The Development Studies Association Annual Conference is being hosted by the Global Development Institute from 27-29th June. The conference will focus on inequalities. Ahead of the conference, we are running a series of blogs from attendees looking at the key issues and debates around inequalities.
By Kunal Sen, Global Development Institute, The University of Manchester
Structural transformation – the movement of workers from low productivity to high productivity activities and sectors – is an essential feature of rapid and sustained growth. The speed at which structural transformation occurs differentiates successful countries from unsuccessful ones. At the same time, it is widely believed that structural transformation can lead to higher inequality, at least initially. As workers move from low earnings jobs in the subsistence agricultural sector to better paid jobs in the more productive manufacturing sector, inequality can increase. Therefore, rapid structural transformation may entail a trade-off between growth and inequality, which may be called the developer’s dilemma. While inequality may increase at the early stages of structural transformation, beyond a certain level of structural transformation, inequality will decrease, giving rise to the famous inverted U-shaped relationship between income and inequality – the so-called Kuznets curve.
However, both from conceptual and empirical standpoints, there are reasons to question the view that structural transformation necessarily increases inequality. From a conceptual point of view, a closer examination of the assumptions behind the Kuznets process makes clear that it is not obvious that a movement of workers from agriculture to manufacturing necessarily involves an increase in inequality. For one thing, much of the movement of workers from agriculture in countries which have witnessed rapid structural transformation such as in East Asia has been to labour intensive manufacturing, where there is low variation of wages among workers. Moreover, manufacturing activity is mostly factory based, where the historical presence of unions and collective bargaining often limits the extent of inequality that is possible. In contrast, if workers move from agriculture to services, inequality can increase as services in low income countries are of two types – a low earning component where workers are mostly in informal activities (think of vendors selling fruits and vegetables by the road side) and a high earning component where some workers are employed in services such as finance and information technology.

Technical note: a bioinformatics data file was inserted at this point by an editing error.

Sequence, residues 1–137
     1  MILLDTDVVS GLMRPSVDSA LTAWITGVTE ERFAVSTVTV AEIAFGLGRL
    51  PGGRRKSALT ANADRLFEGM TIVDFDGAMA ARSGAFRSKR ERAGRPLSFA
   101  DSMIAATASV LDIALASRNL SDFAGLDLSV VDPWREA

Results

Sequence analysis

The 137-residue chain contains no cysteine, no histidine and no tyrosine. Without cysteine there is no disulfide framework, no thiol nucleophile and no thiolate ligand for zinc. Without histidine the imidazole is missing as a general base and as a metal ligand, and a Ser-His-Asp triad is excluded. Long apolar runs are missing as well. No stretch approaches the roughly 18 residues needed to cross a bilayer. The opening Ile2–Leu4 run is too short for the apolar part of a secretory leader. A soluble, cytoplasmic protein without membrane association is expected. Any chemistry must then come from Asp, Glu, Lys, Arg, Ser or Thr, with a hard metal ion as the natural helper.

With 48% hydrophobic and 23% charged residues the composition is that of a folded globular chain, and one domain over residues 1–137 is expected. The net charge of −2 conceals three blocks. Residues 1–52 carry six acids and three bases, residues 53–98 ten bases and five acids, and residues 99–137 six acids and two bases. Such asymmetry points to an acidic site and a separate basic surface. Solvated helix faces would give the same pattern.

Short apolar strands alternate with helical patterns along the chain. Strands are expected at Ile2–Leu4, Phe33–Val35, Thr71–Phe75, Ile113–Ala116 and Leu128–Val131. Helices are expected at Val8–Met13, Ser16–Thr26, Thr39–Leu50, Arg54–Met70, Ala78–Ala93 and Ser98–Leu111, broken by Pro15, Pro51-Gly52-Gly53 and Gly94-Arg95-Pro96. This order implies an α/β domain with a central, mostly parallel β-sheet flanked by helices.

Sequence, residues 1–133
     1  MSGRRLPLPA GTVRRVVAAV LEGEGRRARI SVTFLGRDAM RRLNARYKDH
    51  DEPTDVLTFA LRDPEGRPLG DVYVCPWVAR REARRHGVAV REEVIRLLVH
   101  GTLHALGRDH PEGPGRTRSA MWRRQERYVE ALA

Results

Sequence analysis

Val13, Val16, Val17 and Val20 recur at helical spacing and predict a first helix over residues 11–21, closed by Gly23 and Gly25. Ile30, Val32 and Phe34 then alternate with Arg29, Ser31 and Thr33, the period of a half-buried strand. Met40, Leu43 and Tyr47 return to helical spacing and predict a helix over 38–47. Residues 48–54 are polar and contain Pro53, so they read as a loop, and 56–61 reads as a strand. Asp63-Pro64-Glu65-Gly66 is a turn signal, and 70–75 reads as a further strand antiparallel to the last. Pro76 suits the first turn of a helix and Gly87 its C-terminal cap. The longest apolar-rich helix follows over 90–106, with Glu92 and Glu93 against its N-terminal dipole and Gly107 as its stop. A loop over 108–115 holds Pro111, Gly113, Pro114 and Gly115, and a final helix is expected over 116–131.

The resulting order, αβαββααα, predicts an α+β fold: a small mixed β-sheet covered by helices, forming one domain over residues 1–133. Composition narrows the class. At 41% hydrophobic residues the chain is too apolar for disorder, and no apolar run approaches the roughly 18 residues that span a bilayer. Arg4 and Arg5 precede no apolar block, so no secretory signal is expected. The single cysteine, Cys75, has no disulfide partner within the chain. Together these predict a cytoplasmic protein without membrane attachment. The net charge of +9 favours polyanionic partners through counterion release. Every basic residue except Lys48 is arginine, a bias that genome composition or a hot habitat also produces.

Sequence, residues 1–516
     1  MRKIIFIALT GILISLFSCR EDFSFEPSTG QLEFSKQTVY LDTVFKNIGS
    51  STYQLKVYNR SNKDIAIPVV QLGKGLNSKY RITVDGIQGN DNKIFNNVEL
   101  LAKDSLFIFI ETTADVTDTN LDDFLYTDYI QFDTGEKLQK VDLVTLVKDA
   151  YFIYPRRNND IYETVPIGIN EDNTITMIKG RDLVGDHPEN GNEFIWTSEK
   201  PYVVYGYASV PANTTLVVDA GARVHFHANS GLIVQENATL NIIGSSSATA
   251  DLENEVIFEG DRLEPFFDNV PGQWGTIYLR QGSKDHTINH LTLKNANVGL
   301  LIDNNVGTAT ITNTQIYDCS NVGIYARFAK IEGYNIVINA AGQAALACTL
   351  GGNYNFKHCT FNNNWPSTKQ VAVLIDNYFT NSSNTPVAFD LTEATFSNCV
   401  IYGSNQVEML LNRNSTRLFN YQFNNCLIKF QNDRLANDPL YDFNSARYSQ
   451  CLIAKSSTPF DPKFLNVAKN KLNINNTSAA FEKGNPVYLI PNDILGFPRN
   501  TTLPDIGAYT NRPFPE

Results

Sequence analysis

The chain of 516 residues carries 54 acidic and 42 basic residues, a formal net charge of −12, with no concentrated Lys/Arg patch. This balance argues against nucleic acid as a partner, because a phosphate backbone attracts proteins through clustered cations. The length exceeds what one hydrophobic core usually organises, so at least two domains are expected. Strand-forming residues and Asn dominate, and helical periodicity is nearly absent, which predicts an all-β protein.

From an empirical standpoint, for many low income countries, the movement of workers from agriculture even in the early stage of structural transformation has been primarily to services and not to manufacturing. This is very different from what we have observed for the rich countries as well as those in East Asia. Given that few countries have seen a typical path of structural transformation that was witnessed originally among the advanced market economies where workers first moved from agriculture to manufacturing and then on to services, it is not clear whether the implications of structural transformation for increasing inequality may be the same for the many different paths of structural transformation that we observe in the developing and developed world.